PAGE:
Pat Baby of Alberta, Canada, described her ferret Salty Dog as not anything remarkable, just a skinny, silver little guy with a big heart. Or so she thought. Then a man surrendered his 10-year-old, blind, deaf ferret to the shelter because he didn’t want to have to endure seeing her die. The little ferret, named Powder, had never seen another ferret before and found herself in a frighteningly strange environment.
“I considered the most humane thing to do for her would be to send her to the Rainbow Bridge,” Baby said. However, she settled Powder into a cage with a warm bed to see how she’d react. While she lay very quietly, peeking out of the sleep sack, Salty went in to say, “Hello.”
“The strangest thing happened,” Baby said. “When Salty got close enough to touch her nose, Powder reached out, sniffed him, grabbed him by the ear and hauled him into the sack with her. From that moment on, Powder and Salty were inseparable. They ate together, drank together and explored the house together.”
Salty guided Powder, acting as her personal seeing-eye ferret when she was out of the cage, Baby said.
“She would walk with her nose to his shoulder, and if she ever veered off track he would give her a nudge to show her where he was.” Baby said. “When she wanted him closer, she would reach out and drag him into the sleep sack. He always obliged her, with a big sigh. Powder lived for another six months, and very happy ones, with the best little guide-ferret in the world.”
June Phipps of Missouri shared a story about her ferret Stitch and his friend, Maryann. Phipps has a king-sized waterbed that Stitch can jump on. He plays on the bed, and Phipps noticed Maryann also playing with him. But Maryann is a much smaller ferret, unable to jump on the bed. The mystery was how she got on the bed.
“I started watching to try to catch her,” Phipps said. “She would stand up, lean against the frame and Stitch would lean over, grab her by her scruff and pull her up on the bed! One of the sweetest and cutest things I’ve seen.”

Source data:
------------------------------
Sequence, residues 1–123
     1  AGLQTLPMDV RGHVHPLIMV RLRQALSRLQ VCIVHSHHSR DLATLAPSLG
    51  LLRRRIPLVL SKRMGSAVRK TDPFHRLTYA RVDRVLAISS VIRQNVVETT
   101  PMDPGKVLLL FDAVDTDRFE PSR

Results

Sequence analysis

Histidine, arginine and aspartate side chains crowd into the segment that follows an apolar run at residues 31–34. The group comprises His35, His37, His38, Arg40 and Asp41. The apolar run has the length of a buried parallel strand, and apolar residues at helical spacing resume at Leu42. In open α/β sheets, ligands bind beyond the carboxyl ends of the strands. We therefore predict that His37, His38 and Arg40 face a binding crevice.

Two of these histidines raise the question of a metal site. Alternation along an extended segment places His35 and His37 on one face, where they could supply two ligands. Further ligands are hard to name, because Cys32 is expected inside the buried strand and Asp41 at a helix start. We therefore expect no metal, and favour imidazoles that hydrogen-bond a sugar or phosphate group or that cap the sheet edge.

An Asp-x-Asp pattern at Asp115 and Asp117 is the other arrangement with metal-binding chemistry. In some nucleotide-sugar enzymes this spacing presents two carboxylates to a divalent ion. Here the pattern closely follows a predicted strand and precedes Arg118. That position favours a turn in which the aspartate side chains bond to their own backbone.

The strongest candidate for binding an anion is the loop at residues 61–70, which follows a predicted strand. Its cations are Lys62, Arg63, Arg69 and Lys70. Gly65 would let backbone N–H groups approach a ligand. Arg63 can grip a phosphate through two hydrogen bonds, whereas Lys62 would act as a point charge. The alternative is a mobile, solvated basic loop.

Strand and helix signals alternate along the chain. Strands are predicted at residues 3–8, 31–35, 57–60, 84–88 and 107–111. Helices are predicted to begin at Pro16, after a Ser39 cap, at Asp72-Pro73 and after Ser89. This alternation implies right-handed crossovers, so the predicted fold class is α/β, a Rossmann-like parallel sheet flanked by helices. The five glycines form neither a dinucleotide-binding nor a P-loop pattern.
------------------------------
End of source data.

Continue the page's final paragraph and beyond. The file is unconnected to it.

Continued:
Kay Amrine of Ohio sadly lost two little girls. To cheer up the surviving cagemates, she decided to put her recently neutered ferret, Tommy, in their cage. After what seemed to be an uneventful meeting between Tommy and the most depressed ferret, Ebony, Kay discovered something amazing.
First, Tommy crawled into the bed and curled around Ebony like he was giving her a big hug, Kay said. About an hour later, Kay saw that Tommy was up eating while Ebony still huddled in bed. Then Kay noticed something odd.
“He kept going over to her, and I couldn’t figure out what he was doing at first. And then I finally figured out he was taking pieces of food and putting them on the bed for her to eat, and she was actually eating it. She has since started gaining back the weight she lost. I’ve found all six ferrets curled up in one bed asleep. And I finally got to watch Ebony play and interact with the others last weekend.”
My Sweet Ferret Story
And what is the sweetest thing my ferrets have ever done? They honored and cherished a deceased cagemate’s teddy bear. My little girl Jubilee had a favorite stuffie — a tiny, purple teddy bear. All of the ferrets enjoyed it, but it was very notably hers.
After she passed away, I began to notice the little bear had not been moved. It was very curious, because all the ferrets loved that bear. So, I put it in a toy pile to try to spark some interest. The next day, the little guys came dashing out, each taking turns snagging a toy and hiding it. Several minutes later, that little bear lay in the middle of the floor … alone … untouched. I then noticed a few more of Jubilee’s favorite things had just been lying about, also untouched.
I eventually got the ferrets to play with the other toys again — but not with that lonely, tiny bear. I kept that bear around because it seemed like a waste to put it up on a shelf. Someday, I thought, some ferret would play with it again. But that little bear went without a ferret guardian until other ferrets joined the household that had never met my little Jubilee.